This Dog Was Returned to the Shelter for Being 'Too Nice.' We Think She's Perfect
Helena is what's known as a "Velcro dog" who always wants to be close to the ones she loves. On Monday, Helena the dog's former owner gave her up to an animal shelter in Atlanta, Georgia. The reason provided? Helena is just "too nice.
Buster is well-loved, and folks tried to be accommodating. But he is not a small dog, and these are not big chairs.
So the staff went and got Buster his own place to sit: a nice and big red chair, donated by Mechanical Service Inc., a local plumbing and heating company that was getting rid of its office furniture.
"We all thought he needed one," said Buckmaster.
Buster loved his chair so much it got the shelter staff thinking that the other dogs would enjoy chairs as well.
"Buster was so comfortable; we thought they all needed one," Buckmaster said.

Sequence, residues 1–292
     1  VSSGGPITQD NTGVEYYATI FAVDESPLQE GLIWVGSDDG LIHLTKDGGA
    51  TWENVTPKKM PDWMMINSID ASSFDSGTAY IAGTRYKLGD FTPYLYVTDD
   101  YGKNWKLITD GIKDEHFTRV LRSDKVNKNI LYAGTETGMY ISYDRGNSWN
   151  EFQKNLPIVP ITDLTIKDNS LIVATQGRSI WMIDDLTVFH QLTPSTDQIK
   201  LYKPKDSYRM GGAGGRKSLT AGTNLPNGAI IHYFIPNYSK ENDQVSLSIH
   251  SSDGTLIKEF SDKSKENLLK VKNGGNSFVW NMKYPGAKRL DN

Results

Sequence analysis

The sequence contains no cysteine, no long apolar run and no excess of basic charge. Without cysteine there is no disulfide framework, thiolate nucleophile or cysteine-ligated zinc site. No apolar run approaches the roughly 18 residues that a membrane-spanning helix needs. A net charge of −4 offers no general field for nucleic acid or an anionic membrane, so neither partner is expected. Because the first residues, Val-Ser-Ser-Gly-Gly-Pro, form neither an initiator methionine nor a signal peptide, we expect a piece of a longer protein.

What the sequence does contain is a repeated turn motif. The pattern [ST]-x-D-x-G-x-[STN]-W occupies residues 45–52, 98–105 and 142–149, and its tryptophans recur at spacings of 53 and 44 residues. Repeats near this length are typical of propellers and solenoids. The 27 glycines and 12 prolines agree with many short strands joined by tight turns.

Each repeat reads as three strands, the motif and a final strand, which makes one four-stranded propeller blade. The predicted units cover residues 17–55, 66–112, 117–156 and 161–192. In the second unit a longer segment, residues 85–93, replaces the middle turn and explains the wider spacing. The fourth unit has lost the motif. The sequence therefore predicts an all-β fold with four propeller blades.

The chairs have all been donated by members of the community. They're old pieces of furniture that would otherwise have been put out on the curb, Buckmaster said. The shelter, which houses about 50 dogs and 50 cats at a time, currently has 22 chairs for the dogs currently up for adoption (the other dogs are on stray hold or on health quarantine for now).
After heartbreaking separation, man and pit bull have joyous reunion
Lewis Jimenez adopted Titus from a shelter but had to return the dog as his breed became increasingly unwelcome at his apartment complex. Now, they're reunited.They're both so glad it did.
Instead of being garbage, these chairs are getting a second life helping these dogs stay happy and feel cozy at the shelter. (The chairs are thrown away by the shelter if and when they get ruined.)
And the chairs are just one benefit these shelter dogs enjoy.